“Empowerment, knowing your identity and purpose in life, ... that is what we work with the students with,” Turner said.

AYE’s target age is 10-14 because that is when bullying is most dominant. Turner said statistics indicate that most students who have been bullied, nine of 10 of those have experienced it prior to high school.

For students, the loudest voice in their ears is their peers and many students are just working to make it through that eight-hour stretch by fitting in, Turner said.

AYE hopes its prevention services helped to ease this number by being that extra voice in a child’s ear. Turner said that if they do their jobs right, that there wouldn’t be an extra step after prevention.

AYE has held workshops and training for churches and community organizations in addition to School Resource Officer training, which has been utilized this year by the Iredell County Sheriff’s Office, and an eight-hour training with the Statesville Police Department.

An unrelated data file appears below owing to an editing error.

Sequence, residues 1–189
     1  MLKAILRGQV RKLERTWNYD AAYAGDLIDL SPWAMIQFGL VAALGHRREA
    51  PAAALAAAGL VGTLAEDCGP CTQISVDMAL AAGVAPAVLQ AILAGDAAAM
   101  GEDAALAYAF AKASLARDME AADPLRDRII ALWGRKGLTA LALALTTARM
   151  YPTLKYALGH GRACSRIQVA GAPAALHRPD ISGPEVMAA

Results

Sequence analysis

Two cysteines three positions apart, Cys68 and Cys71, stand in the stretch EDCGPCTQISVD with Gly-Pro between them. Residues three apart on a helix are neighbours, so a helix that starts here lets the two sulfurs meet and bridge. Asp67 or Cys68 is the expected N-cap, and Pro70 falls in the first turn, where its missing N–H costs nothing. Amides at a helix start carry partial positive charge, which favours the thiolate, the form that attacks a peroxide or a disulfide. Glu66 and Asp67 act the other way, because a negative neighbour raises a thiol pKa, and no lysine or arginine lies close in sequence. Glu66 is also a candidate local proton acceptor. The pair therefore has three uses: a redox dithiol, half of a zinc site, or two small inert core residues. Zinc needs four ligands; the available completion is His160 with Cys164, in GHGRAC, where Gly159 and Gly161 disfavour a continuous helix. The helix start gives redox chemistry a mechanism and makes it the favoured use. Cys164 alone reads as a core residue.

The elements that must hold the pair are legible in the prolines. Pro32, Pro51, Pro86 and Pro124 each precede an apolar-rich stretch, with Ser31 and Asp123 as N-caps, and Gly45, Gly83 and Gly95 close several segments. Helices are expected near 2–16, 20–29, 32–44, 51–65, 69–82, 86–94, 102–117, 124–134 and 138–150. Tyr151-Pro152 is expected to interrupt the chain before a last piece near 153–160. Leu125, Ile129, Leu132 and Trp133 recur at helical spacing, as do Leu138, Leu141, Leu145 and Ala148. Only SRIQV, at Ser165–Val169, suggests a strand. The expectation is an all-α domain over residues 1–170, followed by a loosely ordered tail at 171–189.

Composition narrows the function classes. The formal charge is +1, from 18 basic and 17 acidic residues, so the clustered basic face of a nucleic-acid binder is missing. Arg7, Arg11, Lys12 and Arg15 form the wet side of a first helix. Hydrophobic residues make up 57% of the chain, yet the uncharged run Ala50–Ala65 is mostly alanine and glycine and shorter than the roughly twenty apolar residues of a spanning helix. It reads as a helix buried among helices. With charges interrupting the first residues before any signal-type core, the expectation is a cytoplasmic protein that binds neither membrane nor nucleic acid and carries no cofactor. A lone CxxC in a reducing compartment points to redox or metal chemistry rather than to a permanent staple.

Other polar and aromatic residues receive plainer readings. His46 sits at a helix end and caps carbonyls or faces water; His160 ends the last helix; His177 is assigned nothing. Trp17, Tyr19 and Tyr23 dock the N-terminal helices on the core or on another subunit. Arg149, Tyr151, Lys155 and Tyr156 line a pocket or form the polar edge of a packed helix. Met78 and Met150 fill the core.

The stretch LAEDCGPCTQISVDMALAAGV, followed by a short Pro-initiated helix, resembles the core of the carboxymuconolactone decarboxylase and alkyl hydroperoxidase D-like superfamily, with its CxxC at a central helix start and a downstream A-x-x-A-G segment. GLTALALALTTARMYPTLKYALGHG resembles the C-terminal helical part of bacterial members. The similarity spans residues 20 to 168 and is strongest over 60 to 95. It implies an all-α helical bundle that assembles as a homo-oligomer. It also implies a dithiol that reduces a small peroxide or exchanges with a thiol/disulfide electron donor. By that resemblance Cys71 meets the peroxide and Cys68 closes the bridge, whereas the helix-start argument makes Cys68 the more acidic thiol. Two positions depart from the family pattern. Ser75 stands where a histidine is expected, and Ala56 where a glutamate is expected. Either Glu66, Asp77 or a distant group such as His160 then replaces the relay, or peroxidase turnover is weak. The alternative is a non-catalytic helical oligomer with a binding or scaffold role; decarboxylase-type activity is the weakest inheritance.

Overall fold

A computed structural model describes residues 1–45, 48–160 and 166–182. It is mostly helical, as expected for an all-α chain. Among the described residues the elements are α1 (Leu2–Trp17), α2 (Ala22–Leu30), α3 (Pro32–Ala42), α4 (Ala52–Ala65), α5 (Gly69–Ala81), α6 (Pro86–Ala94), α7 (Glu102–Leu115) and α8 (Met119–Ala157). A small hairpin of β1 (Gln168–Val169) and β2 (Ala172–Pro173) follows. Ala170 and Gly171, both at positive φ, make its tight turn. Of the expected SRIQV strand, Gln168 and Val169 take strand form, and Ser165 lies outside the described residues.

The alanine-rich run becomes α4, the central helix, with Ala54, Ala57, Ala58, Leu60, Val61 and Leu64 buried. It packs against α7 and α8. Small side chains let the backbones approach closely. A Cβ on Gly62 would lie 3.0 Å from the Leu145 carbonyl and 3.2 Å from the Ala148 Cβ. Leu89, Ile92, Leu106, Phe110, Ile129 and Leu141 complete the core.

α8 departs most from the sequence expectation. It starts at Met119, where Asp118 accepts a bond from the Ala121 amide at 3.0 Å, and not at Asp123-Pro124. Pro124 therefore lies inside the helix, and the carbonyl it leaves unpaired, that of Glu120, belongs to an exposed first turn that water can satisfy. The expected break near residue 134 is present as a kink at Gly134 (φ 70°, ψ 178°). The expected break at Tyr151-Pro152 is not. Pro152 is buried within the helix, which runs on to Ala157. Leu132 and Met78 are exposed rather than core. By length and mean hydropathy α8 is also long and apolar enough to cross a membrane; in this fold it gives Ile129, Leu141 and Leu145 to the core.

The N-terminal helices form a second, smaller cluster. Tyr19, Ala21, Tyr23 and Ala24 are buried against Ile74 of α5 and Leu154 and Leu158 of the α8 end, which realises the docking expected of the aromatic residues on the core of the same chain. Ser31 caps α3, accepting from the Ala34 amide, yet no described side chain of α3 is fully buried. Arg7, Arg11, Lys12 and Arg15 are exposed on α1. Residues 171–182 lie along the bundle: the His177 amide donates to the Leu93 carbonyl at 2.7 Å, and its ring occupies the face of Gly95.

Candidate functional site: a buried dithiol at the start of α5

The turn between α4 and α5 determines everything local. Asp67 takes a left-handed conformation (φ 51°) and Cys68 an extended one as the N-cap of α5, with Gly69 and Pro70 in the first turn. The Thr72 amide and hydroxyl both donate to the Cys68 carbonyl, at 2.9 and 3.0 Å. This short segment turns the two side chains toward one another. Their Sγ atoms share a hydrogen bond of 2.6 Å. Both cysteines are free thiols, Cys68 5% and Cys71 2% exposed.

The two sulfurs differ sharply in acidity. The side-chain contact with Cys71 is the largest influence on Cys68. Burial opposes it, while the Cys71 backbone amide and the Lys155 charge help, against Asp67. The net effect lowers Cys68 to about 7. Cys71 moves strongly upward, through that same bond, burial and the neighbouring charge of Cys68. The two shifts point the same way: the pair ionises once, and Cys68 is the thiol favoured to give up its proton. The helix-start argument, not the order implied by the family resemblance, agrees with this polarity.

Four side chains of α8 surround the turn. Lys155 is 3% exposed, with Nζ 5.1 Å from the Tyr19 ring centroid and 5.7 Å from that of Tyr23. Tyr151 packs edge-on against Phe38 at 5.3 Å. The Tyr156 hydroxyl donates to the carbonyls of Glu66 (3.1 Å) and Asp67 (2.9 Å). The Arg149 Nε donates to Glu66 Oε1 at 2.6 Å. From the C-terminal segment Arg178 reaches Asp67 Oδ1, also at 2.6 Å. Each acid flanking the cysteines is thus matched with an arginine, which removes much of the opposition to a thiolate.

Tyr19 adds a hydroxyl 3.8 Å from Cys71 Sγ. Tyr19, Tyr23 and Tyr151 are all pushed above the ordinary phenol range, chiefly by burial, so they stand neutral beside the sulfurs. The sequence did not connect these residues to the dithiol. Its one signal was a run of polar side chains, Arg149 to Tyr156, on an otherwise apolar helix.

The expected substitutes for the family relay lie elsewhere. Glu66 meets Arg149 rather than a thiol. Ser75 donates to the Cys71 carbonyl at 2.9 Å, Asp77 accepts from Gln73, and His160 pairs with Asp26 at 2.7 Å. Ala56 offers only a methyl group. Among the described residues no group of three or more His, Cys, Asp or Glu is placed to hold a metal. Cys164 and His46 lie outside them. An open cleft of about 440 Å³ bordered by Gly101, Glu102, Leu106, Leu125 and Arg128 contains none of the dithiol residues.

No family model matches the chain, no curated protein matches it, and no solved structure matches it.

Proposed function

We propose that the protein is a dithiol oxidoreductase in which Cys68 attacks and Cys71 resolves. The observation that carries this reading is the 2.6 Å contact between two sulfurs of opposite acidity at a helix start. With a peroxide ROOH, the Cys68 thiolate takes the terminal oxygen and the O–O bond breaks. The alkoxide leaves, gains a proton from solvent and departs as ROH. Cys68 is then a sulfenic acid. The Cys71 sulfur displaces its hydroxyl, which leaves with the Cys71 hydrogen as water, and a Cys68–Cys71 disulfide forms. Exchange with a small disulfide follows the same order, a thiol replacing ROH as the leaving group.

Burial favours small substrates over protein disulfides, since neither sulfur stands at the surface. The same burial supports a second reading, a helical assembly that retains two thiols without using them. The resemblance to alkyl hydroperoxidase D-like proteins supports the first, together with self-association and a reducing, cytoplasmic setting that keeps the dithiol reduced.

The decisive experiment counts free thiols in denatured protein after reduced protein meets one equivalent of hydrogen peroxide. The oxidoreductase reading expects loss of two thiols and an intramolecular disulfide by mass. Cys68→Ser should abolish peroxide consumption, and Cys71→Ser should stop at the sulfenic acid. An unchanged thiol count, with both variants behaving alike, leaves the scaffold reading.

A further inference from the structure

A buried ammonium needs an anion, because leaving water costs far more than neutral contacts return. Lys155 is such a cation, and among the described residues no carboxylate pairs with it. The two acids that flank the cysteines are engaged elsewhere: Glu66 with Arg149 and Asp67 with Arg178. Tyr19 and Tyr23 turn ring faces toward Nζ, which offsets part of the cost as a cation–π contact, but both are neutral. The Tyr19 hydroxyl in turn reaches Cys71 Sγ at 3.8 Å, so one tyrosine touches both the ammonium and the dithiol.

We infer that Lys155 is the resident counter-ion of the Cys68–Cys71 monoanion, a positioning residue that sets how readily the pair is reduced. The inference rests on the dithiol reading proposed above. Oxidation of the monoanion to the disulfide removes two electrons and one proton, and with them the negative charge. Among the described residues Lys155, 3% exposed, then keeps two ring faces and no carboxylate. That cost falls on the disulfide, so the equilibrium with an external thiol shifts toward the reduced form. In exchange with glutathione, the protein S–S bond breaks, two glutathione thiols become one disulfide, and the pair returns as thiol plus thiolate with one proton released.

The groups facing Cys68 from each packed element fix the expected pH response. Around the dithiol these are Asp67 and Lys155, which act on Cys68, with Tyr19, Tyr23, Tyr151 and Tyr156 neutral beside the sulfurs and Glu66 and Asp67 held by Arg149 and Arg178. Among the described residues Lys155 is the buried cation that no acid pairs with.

The nonprofit also has a partnership with the National Guard to send mentors to Harmony Elementary, Turner said.

AYE hopes to be able to expand on all of its services in the future.

“Our future goal is to actually be able to take that program out to more students instead of just being stationed here in our office,” Turner said. “We are looking to actually start providing our workshops and trainings to other after-school programs, youth groups; we do workshops and trainings for youth groups.”

AYE has found many schools need different things for students, such as clothes and mentors.

The nonprofit is looking for churches and other organization that would like to be a site for clothes for the children in the area that are in need.

The organization eventually hopes to have an office in to be able to cater to more of the county.